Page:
Making it to the Top 100 is quite some achievement, whether the infamous annual rich lists, the pop music album charts or the most cited research papers of all time. It is this latter category for which Georg Kresse of the Technische Universität Wien in Austria and Jürgen Furthmüller of the Friedrich-Schiller-Universität Jena in Germany can be rightly proud.

Their paper entitled "Efficiency of ab-initio total energy calculations for metals and semiconductors using a plane-wave basis set" and published in 1996 the Elsevier journal Computational Materials Science [Vol 6(1), pp 15-50; DOI: 10.1016/0927-0256(96)00008-0] ranks at number 89 of that Top 100.

To the non-specialist a paper that openly presents "a detailed description and comparison of algorithms for performing ab-initio quantum-mechanical calculations using pseudopotentials and a plane-wave basis set" may sound rather esoteric. However, this reliable technique can model the behavior of a wide range of technologically important materials: liquid and amorphous semiconductors, liquid simple and transition metals, metallic and semiconducting surfaces, phonons in simple metals, transition metals and semiconductors.

Given its pioneering prowess in the field it is no surprise that it ranks highly. Moreover, along with three other papers by Kresse and colleagues from that decade in which they developed the techniques for the VAMP (Vienna ab-initio molecular-dynamics package) and which are implemented widely in VASP (Vienna Ab initio Simulation Package), it's necessary for users of the package to cite the paper in their research. According to the VASP web page ( VASP is a copyright-protected computer program for atomic scale materials modeling, e.g. electronic structure calculations and quantum-mechanical molecular dynamics, from first principles. It provides an approximation to the many-body Schrödinger equation, either within density functional theory (DFT), solving the Kohn-Sham equations, or within the Hartree-Fock (HF) approximation, solving the Roothaan equations.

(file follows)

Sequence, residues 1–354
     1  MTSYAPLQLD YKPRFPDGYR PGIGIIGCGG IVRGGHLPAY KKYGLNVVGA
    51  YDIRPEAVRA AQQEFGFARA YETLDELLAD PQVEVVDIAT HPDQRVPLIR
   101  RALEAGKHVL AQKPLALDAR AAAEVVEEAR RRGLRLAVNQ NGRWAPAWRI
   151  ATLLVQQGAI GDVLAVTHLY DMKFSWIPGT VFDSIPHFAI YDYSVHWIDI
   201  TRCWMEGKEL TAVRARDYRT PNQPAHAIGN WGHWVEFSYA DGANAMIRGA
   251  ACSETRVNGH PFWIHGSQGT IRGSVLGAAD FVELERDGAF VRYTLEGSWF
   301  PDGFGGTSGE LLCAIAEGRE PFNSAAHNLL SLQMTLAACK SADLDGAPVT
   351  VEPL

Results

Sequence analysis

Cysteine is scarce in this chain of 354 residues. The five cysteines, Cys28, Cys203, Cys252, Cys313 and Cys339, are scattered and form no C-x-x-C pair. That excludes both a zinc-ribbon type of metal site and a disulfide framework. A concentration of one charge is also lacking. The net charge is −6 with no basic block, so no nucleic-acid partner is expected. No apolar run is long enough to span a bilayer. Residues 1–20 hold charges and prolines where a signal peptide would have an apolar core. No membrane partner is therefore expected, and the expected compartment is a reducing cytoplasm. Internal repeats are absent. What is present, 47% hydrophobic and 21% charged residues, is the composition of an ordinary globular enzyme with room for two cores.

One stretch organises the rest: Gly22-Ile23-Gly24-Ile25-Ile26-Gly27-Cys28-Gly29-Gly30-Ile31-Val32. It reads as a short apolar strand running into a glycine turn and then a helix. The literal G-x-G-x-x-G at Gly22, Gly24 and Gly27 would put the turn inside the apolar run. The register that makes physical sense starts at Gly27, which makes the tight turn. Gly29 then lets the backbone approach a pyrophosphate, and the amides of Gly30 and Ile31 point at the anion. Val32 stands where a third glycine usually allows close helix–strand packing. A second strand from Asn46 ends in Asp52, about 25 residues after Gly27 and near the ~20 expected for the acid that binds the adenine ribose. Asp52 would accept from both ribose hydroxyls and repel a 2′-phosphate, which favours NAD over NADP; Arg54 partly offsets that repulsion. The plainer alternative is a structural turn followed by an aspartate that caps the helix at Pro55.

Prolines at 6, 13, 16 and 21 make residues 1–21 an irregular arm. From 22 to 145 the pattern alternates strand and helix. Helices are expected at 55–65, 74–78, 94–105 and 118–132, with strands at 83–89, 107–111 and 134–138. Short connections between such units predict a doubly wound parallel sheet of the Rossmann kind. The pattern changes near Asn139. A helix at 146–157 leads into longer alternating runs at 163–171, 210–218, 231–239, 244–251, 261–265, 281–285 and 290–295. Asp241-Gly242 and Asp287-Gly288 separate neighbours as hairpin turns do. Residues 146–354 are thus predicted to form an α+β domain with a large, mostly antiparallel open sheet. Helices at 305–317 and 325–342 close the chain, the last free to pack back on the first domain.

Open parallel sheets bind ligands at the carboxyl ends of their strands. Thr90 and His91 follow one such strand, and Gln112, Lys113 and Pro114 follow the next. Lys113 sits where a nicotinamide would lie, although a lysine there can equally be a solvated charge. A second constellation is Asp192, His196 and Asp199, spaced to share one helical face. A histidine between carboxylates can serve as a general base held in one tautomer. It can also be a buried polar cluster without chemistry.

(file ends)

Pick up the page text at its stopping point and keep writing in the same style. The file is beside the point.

The Wikipedia entry tells us that VASP was based on code by MIT's Mike Payne and brought to Vienna in July 1989 by Jürgen Hafner. Furthmüller and Kresse wrote the main program in 1993 and Kresse continues to develop it recently adding extensions for yet more materials systems. It is being used by at least 1400 research groups in academia and industry around the globe under license with the University of Vienna that presumably stipulate the citation of those four initial papers for which the Comput Mater Sci paper is the most prominent. Indeed, the other three papers are also in the Top 100.

David Bradley blogs at Sciencebase Science Blog and tweets @sciencebase, he is author of the popular science book "Deceived Wisdom".

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